The tide seems to have turned, with mainland visitation up 1.1% for the first two months of this year. Overall tourism is up 1.4%, with exceptional growth of more than 20% from Indonesia and India. Those two markets are small in terms of tourism here, but on many an investment wish list for private equity funds, real-estate managers and their kin. So it's interesting to see their citizens traveling more, flush with extra cash.
Chow Tai Fook Jewellery Group (CJEWY) is the industry leader in Hong Kong, commanding 18.1% of the market here. It is also the biggest jewelry retailer in mainland China, although the highly-fragmented nature of the industry there means it only has a 4.2% market share.
Chow Sang Sang Holdings International HK:0116 is next in size in Hong Kong. It has 10.4% of the market, although it is a relatively big player in the mainland. Luk Fook Holdings HK:0590 is third in Hong Kong, with a 9.1% share.
All three are expanding their presence in China, where the investment bank Nomura Holdings (NMR) thinks they stand to steal business from mainland competitors in a market that has few branded names. They each target opening around 50 stores on the mainland this year, focusing on smallish Tier 3 and Tier 4 cities.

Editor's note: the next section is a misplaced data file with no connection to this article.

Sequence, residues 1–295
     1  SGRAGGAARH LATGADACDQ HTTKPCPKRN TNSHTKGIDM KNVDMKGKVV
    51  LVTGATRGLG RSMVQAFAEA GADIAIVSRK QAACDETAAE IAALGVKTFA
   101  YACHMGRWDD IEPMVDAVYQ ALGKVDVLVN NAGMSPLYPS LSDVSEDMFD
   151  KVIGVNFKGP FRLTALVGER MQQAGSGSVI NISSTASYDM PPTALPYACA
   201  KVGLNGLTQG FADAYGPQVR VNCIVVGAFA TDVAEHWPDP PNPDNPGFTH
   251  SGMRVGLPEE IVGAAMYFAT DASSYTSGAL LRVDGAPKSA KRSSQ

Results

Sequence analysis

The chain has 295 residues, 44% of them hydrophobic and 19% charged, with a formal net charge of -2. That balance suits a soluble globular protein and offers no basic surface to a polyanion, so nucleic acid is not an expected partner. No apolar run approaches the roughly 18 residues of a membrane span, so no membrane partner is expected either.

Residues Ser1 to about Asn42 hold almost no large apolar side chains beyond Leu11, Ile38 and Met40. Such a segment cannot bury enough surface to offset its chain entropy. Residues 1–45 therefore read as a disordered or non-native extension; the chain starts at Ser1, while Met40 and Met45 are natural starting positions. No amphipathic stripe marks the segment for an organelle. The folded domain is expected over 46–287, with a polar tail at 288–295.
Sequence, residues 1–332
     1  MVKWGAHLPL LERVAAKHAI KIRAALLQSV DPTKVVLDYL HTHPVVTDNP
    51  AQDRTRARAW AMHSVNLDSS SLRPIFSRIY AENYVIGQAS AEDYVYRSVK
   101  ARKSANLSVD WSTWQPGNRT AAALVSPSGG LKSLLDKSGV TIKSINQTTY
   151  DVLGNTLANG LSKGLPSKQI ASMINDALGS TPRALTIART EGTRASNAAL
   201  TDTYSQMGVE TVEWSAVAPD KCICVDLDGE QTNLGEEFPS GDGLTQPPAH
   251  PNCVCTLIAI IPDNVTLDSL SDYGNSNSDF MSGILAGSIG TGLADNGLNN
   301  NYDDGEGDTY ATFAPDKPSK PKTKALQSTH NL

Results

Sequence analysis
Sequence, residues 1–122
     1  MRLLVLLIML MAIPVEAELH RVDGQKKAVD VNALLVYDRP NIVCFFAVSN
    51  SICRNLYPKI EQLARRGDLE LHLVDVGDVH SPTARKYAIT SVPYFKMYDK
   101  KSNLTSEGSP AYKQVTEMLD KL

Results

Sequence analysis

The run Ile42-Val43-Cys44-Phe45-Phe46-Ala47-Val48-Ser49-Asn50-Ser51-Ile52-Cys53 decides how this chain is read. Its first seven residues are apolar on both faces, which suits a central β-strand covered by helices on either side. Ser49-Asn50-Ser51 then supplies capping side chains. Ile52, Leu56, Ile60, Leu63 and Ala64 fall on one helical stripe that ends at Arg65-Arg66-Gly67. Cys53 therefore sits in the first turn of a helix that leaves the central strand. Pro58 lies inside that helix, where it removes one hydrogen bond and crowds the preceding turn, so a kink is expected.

Small is a very relative term -- this is China after all, where more than 100 cities have populations of at least 1 million. While Chow Sang Sang will own all its own stores, Chow Tai Fook and Luk Fook will likely have a 50-50 split between self-run and franchise stores.
China's jewelry market has grown at an annual rate of 12.8% over the last decade, hitting $43.5 billion in size last year -- but with plenty of room to grow. Per-capita jewelry consumption, at $32 per head according to Euromonitor, is 79% below the levels found in developed nations.
Chow Tai Fook already operates an amazing 103 stores in Hong Kong, one for every 70,000 or so residents. While the other two companies will probably maintain a static store count in this city, Nomura expects Chow Tai Fook to shut another five under-performing stores this fiscal year, running through March 2018, giving margins a slight boost.
Tse Sui Luen Jewellery International HK:0417 is another stock worth considering, its 2.2% market share in Hong Kong good enough for fourth place.